Gemini Observatory is committed to upgrading its existing operational instruments to keep them scientifically competitive and to create new instrument capabilities at the observatory. As part of this effort, Gemini annually seeks community-created science-driven proposals to improve our current instruments through our Instrument Upgrade Program (IUP). Gemini’s Science and Technology Advisory Committee (STAC) endorsed the observatory’s guidelines for the IUP in their 2015A report.
Gemini’s baseline plan is to provide for one small project (~100,000 USD) every year and one medium project (~500,000 USD) every other year. The first call for this program came in 2015, resulting in the K2F2 project providing new filters for Flamingos-2 and so far three projects have been awarded, and the contract of a fourth one is about to be signed. As a reference you can check the 2017 Request for Proposals which welcomed proposals for amounts between 0 and the full 600,000 USD budget. In addition to the 2017 budget Gemini also offered to provide a science grade HAWAII-4RG detector and controller package to be incorporated into an upgrade. Gemini is seeking to fund two projects per year, but may choose to fund either one or more than two projects depending on the requested funds, the available staff effort, and the perceived benefit of each project.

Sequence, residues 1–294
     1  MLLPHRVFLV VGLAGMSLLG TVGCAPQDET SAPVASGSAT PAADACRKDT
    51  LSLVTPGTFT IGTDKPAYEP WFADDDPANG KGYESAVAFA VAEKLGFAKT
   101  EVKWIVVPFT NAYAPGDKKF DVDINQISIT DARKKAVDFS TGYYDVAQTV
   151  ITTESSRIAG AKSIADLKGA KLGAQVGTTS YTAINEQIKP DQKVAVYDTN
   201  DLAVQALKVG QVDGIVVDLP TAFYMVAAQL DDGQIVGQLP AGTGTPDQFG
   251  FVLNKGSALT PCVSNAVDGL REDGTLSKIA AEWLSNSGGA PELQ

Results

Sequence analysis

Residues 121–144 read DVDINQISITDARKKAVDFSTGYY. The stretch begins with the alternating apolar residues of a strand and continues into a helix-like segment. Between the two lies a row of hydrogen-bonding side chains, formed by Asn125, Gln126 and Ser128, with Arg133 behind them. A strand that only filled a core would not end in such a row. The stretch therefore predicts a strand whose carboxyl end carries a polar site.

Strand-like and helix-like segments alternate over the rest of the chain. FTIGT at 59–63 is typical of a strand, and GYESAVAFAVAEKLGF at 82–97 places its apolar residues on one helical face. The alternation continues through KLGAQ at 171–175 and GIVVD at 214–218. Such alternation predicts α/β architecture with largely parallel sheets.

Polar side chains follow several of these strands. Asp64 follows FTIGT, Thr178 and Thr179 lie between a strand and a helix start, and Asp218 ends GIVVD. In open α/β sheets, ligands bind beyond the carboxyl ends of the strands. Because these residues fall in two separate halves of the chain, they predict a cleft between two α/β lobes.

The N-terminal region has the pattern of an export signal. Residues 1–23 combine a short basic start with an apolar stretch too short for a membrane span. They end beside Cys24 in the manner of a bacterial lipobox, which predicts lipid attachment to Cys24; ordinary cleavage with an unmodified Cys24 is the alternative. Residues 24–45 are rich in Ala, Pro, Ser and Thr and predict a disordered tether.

Contracts can be awarded to profit or non-profit institutions or companies within the nations that fund the Gemini Observatory (regular or limited term participants). Gemini will accept proposals from people outside the partnership who have experience in using the instrument or significant experience in designing/building the instrument.
To encourage a wide variety of participant organizations, Gemini will provide up to one night (10 hours) of observing time per project to be used to realize and demonstrate the scientific potential of the upgraded instrument.
What are the IUP requirements?
IUP projects should produce a tangible result that creates and or enables new science with existing facility instruments. The IUP is not meant to find paper studies or other work that does not provide a real physical upgrade to our existing capabilities. Software upgrades that add new capabilities or operational improvements are allowed; data processing software proposals are not. All proposed projects must meet our available funding and schedule constraints.